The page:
The near lizard, Anchisaurus (1865)
Phylum : Chordata
Class : Reptilia
Order : Saurischia
Suborder : Sauropodomorpha
Genus : Anchisaurus
Species : A. polyzelus
Sauropodomorph remains were first discovered in North America in 1818, when some large bones were discovered by Mr. Solomon Ellsworth while excavating a well in East Windsor, Connecticut. At the time of their discovery the bones were assumed to be those of a human, but the presence of tail bones quickly falsified that idea and they are now recognized as those of an indeterminate sauropodomorph, possibly more closely related to the plateosaurian prosauropods. In 1857 the type specimen of Anchisaurus polyzelus, which is housed at the Amherst College Museum of Natural History, was found by William Smith in Springfield, Massachusetts during blasting for a well at the Springfield Armory. Unfortunately, both the East Windsor and Springfield specimens were severely damaged due to the blasting at the construction sites where they were found, and many of the bones were either accidentally thrown away by the workmen or kept by interested onlookers. Thus these dinosaurs were only known from incomplete remains. Luckily, in 1884 nearly complete specimens were found in Manchester, Connecticut and served as the templates from which O.C. Marsh restored the skeleton. The Manchester specimens are now considered conspecific with Anchisaurus polyzelus. The East Windsor and Manchester specimens are housed at the Peabody Museum of Natural History at Yale University.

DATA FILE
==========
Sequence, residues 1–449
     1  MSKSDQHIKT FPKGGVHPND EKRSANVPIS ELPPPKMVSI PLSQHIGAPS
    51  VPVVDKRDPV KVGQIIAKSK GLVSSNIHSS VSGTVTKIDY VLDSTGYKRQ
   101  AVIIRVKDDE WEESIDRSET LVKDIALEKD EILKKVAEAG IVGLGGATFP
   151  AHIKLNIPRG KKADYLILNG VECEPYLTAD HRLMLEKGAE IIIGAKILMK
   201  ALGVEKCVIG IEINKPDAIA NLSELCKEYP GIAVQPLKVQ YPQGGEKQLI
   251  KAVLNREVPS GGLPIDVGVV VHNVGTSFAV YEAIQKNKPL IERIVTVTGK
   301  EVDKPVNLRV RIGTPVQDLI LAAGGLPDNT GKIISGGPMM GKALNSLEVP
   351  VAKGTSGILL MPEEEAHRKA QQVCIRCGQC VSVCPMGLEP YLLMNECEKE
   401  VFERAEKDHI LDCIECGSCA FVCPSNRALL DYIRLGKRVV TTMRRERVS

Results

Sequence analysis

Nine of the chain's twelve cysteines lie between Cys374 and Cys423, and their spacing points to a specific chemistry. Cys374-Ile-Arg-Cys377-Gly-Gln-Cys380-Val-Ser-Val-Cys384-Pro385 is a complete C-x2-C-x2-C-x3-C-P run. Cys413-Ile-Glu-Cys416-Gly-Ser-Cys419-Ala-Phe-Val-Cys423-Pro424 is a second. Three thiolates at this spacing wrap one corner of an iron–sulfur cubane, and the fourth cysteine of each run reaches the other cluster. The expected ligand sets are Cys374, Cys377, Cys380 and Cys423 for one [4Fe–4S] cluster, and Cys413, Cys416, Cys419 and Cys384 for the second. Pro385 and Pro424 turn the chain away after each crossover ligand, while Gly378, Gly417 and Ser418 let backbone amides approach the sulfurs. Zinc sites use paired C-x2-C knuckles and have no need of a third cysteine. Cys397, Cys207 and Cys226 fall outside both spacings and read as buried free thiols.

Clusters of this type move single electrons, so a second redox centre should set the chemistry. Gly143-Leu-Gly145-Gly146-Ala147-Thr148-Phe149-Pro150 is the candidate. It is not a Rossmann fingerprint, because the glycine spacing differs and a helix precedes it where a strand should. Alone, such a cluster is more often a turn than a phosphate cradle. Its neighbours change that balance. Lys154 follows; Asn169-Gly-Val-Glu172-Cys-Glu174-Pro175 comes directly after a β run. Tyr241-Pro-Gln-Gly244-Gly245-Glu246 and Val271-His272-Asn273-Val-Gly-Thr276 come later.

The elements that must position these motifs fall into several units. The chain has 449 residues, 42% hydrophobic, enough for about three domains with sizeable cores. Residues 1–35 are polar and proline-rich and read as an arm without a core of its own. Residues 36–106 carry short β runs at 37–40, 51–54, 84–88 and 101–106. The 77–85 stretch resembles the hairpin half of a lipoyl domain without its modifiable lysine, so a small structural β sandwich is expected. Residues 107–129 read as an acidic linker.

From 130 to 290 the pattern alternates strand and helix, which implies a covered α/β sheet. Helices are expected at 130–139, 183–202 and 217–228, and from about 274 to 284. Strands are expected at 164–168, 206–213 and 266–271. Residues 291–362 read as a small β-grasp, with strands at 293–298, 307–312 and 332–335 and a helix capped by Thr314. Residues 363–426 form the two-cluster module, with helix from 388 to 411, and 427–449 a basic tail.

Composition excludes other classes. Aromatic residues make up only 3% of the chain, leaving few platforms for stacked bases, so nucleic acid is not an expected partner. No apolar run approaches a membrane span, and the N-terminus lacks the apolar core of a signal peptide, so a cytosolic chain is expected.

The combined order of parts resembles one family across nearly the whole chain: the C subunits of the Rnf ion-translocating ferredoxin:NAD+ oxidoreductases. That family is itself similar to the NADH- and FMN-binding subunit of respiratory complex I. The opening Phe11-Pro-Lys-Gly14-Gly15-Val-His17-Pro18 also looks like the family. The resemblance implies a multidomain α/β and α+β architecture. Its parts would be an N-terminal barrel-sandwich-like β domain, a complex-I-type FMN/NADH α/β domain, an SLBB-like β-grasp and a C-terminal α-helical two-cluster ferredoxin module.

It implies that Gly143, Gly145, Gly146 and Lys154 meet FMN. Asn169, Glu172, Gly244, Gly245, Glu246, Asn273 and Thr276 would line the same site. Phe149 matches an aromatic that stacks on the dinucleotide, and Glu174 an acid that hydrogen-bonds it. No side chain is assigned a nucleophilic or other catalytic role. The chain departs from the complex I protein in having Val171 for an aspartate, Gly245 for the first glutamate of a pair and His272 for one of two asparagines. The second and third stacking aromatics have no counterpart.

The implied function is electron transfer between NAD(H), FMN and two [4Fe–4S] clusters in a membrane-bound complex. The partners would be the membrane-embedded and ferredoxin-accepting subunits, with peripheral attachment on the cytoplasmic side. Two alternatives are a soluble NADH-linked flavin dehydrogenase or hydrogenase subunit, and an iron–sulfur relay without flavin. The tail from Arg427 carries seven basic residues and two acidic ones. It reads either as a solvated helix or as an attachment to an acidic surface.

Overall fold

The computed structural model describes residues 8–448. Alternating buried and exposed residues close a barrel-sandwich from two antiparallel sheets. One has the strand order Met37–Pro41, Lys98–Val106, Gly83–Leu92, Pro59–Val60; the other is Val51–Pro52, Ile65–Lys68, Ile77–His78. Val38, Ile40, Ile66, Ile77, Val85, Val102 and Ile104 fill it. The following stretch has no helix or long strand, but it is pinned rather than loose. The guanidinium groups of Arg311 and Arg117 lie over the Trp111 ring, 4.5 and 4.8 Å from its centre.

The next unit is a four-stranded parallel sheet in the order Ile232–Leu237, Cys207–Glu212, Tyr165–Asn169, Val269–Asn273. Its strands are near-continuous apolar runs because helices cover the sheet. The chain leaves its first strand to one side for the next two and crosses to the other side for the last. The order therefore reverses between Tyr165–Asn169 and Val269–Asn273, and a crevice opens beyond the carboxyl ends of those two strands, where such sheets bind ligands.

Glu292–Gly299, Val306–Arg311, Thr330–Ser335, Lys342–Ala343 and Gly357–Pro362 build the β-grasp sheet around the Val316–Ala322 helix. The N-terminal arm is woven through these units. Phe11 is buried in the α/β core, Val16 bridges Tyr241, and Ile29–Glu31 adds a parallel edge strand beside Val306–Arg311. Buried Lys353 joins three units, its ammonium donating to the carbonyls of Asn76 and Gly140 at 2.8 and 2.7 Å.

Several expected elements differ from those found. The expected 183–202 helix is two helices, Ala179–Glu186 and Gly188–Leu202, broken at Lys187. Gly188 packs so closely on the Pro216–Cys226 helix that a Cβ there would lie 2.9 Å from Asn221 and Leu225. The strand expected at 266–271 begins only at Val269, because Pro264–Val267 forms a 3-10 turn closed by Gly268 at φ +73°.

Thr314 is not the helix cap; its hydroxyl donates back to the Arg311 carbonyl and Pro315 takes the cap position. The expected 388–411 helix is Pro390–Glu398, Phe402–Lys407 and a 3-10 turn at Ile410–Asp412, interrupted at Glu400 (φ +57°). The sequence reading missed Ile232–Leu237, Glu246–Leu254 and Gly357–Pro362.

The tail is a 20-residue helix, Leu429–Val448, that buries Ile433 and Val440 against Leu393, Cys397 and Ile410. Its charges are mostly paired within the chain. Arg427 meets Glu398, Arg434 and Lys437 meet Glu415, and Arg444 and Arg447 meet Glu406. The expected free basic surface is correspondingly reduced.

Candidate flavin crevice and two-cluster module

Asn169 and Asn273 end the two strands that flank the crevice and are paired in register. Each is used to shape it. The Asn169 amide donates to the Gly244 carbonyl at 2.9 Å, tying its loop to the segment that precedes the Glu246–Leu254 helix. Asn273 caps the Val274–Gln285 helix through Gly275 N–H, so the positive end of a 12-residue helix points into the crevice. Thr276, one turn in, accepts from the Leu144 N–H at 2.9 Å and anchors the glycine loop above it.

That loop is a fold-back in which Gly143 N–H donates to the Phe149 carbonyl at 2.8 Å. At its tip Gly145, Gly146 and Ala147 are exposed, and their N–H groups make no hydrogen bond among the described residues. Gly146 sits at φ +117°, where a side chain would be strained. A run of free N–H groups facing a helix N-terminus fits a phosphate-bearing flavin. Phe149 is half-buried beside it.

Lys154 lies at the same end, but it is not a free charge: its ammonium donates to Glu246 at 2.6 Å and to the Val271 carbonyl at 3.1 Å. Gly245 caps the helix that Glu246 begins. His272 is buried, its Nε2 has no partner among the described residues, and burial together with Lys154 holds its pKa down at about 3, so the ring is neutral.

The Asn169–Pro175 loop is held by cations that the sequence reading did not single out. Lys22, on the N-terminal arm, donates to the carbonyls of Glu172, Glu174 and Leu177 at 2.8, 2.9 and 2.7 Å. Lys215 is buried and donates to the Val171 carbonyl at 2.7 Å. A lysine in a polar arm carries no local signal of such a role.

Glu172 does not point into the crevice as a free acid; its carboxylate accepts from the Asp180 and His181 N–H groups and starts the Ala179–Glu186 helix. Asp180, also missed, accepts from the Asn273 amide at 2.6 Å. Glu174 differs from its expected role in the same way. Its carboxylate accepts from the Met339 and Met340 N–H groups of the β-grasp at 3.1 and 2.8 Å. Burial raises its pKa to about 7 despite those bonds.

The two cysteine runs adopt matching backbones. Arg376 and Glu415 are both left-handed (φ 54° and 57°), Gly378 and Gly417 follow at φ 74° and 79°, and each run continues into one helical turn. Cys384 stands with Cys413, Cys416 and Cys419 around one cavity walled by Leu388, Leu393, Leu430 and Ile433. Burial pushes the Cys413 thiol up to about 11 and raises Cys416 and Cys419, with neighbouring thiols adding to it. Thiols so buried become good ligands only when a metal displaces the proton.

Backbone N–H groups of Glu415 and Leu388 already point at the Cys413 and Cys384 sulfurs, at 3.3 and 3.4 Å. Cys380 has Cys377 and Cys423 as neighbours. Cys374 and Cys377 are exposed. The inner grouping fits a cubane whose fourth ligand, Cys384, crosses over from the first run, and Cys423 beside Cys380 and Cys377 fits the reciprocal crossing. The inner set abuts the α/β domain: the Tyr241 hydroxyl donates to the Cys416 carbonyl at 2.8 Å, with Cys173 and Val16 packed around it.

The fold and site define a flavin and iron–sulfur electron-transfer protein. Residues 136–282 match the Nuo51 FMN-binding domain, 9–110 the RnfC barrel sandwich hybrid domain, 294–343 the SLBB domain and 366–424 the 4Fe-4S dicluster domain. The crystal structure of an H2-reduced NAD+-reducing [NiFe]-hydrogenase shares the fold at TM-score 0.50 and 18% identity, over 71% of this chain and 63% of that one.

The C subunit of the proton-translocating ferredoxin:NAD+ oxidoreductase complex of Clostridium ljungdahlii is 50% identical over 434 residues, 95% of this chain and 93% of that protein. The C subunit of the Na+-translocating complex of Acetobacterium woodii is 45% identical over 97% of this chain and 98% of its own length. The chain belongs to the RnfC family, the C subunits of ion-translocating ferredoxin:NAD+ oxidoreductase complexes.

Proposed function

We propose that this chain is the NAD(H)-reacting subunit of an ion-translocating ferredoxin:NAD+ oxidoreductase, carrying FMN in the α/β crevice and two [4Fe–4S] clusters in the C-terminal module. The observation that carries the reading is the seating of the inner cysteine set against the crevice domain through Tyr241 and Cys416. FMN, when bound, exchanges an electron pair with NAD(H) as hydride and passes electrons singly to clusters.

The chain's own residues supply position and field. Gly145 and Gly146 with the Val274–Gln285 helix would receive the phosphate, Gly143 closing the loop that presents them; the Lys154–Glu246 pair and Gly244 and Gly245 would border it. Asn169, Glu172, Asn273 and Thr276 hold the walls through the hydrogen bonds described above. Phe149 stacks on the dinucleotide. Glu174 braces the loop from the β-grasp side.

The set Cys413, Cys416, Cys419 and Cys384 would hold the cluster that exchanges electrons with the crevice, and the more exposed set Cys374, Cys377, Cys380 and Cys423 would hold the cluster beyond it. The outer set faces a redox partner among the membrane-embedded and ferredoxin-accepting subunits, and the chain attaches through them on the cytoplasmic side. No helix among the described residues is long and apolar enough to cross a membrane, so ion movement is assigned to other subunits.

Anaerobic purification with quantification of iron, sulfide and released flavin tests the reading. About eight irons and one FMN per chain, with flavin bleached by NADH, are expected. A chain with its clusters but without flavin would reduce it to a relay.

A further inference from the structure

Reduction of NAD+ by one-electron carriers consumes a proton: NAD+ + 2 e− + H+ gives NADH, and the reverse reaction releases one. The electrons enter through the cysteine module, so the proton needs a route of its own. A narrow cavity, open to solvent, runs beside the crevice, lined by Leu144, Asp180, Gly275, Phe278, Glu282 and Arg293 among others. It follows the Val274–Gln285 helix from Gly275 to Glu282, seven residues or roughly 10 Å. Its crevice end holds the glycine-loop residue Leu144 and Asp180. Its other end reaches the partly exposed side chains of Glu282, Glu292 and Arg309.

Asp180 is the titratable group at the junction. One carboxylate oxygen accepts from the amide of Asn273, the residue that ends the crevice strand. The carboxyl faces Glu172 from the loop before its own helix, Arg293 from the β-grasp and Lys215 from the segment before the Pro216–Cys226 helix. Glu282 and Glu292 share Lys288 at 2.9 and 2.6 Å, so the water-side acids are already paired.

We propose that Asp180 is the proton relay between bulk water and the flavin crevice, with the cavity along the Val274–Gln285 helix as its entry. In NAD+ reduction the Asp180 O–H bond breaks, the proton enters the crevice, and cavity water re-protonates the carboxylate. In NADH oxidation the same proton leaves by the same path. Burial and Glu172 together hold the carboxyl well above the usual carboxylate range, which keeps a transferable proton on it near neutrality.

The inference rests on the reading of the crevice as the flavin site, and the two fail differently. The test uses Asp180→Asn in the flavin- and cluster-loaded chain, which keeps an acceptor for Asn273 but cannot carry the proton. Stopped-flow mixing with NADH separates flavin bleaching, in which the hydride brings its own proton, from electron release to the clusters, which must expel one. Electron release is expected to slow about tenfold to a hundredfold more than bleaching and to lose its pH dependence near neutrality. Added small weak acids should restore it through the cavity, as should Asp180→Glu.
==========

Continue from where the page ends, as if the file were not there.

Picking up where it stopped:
Digesting plant matter is a much more intensive biochemical process than digesting meat. This herbivore swallowed gastroliths (gizzard stones) to help break down the food in its stomach. Herbivorous dinosaurs needed a huge gut. Since this had to be positioned in front of the pelvis, balancing on two legs became increasingly difficult, as dinosaurs became larger and they gradually evolved into the quadrupedal position that characterizes the later sauropods such as Diplodocus. Prosauropods represented a middle phase between the earliest bipedal herbivores and the later giant sauropods. Although it was not itself a prosauropod, Anchisaurus was mostly typical of this group, which flourished briefly during the late Triassic and early Jurassic. Anchisaurus teeth, used to rip food, were shaped like spoons. It had fewer and more widely spaced teeth than true prosauropods, and as Peter Galton and Michael Cluver observed, narrower feet.Anchisaurus would have spent most of its time on four legs but could have reared up on its hind legs to reach higher plants.
On the other hand, some paleontologists believe Anchisaurus may also have eaten meat, as it was in the transition between these two ultimately distinct groups. The teeth were blunt but with file-like edges, suggesting mostly plant matter was eaten and the jaw hinge was arranged in a way not entirely suited for tearing meat. Nevertheless, there is still some debate. The thumb had a large claw and the large eyes were not entirely on the side.
As a quadrupedal/bipedal crossover, Anchisaurus had to have multi-purpose front legs. As ‘hands’, they could be turned inwards and be used for grasping. It had a simple reversible first ‘finger’, similar to a ‘thumb’. As feet, the five toes could be placed flat against the floor and were strong at the ankle. This unspecialized design is typical of the early dinosaurs.